" <*• " ri " S " ■ ■»"*■ »«*. >
sH «.
dent the straps and provide a cov-1
ering for the arms. Thev m»v h» «a.
ering for the arms. They may be ad
justable. to be taken out. or tacked
on, at uill.
The smart gown of chiffon velvet, at
the right, bas short sleeves of velvet
lengthened by sleeves of plain chiffon
having inlays of printed chiiTon in
colors. Narrow bands of fox fur cover
the wrist hands and a girdle of braided
folds of the velvet is » style ream re
that is important. A long, straight
panel at the right side falls p. the
floor and is finished with a band of
fur -at the bottom.
*Two pretty frocks for the yonnger
•Iria are shown her«; one of then •
regulation party frock and the other
a model that will serve for almost any
dress-up affair that Is likely to happen
along, They are exponents of the
mode for Juniors, crepted by experts
In designing and their styling Is above
criticism. The care and attention
given, by specialists, to the making of
children's apparel, has relieved every
one but themselves of responsibility
and it is possible to outfit the younger
generation with satisfactory ready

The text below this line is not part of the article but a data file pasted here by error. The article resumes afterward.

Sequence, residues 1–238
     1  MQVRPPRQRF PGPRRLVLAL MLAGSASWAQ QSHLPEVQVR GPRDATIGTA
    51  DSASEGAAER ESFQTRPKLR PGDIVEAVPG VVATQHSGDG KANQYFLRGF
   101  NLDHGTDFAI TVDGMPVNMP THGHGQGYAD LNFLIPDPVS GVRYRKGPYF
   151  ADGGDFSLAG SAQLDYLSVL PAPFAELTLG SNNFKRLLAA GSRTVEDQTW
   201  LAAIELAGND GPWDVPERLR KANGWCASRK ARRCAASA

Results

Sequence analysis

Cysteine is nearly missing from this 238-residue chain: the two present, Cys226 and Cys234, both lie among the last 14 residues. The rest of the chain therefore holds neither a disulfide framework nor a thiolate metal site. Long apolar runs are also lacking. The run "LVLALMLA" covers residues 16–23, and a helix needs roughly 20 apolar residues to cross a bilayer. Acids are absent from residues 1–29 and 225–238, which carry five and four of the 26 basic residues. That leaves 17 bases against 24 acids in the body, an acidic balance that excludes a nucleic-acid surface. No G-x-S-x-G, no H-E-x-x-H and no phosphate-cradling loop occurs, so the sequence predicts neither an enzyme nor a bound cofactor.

j made clothing or to take the styles
1 shown in the shops as guides and copy
them in home-made garments.
Any girl, from eight- to fourteen,
will like the frock of velveteen shown
at the left of the picture. It is espe
dally smart in blue or brown, with ft;
round neck and elbow sleeves outlined
with three rows of very narrow silk
braid In vivid shades of bright color.
These colors are repeated in the
twisted girdle of faille ribbon in a
Roman stripe pattern, with a silver
. . .
buckle at each side. A sash of narrow
faille ribbon in three colors might re
place the Roman striped ribbon and
rosettes might take the place of the
buckles. That children's dresses have
long-waisted bodices and straight
skirts almost goes without saying
they are universal for the younger
« the rW „. trock
with full bodice and short sleeve«, i,
"■<* <* «-»"*«' -repe. *?££
ered si-irt i« „ ,, , ,
7 ,s ?,lvideü ,nto Dancl» bj
frills «f georgette. In two particulars
ilfis frock undertakes to copy the
dress of gmwn-ups-the side panels
o- the skirt are lengthened and tbe
sleeves are split on the upper side. A
girdle of twisted ribbon incites the
ose of flowers and ribbon roses are
«et at each side of It. Millinery flow
ere are eften used in this way or